Diabetic needlestick injuries driving growth in sharps safety device spending

Thursday January 19 2017

An increasing number of needlestick injuries are being reported among diabetic patients who administer their own insulin and other medication at home, which is leading to a rise in spending on specialist sharps safety devices.

According to new figures from Transparency Market Research, more healthcare authorities across the globe will be significantly increasing their spending on needle safety devices for syringes and insulin pens between now and 2024 in order to reduce the risk of patients experiencing sharps injuries.

For individuals with either type 1 or type 2 diabetes, a needlestick injury sustained while injecting insulin can lead to the wrong dose being administered, which can have serious health consequences, even proving fatal in some cases.

What's more, if the needle has already been used or is broken and has been touched by somebody else, there is a risk of blood-borne viruses being passed from person to person. This increases the chance of potentially life-threatening diseases such as hepatitis C and HIV being spread, meaning best practice standards of sharps safety need to be followed at all times.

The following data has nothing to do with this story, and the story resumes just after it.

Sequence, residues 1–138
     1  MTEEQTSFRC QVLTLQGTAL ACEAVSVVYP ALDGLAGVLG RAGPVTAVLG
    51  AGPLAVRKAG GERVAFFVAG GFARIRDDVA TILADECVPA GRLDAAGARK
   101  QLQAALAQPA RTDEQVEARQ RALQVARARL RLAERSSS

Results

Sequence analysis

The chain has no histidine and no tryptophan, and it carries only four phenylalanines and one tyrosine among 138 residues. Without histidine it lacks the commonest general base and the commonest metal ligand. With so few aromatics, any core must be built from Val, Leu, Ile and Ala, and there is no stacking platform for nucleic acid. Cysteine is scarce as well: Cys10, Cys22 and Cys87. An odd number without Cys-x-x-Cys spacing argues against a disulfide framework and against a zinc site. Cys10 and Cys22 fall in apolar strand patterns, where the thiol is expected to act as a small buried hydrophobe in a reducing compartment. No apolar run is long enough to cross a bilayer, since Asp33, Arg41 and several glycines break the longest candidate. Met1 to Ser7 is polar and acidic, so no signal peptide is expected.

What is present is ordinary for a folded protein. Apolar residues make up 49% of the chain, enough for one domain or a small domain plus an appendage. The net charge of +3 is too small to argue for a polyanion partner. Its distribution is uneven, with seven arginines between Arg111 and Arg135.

With this in mind, Transparency Market Research is predicting that spending on specialist devices to improve the safety of needles used in diabetes injector pens will increase among global healthcare authorities, who will then be able to advise their patients on using these instruments for improved sharps safety.

The report authors anticipate that North America, Europe, Asia and Latin America will lead this growth in the injection safety market, followed by the rest of the world.

It is hoped that by 2024, the number of needlestick injuries sustained each year by patients self-administering their diabetes medication will have fallen significantly, leading to fewer diagnoses of HIV and hepatitis C from the cross contamination of needles and blood as a result.

http://www.medgadget.com/2017/01/growing-number-of-insulin-syringe-needle-stick-injury-cases-drives-the-global-diabetes-injection-pens-market.html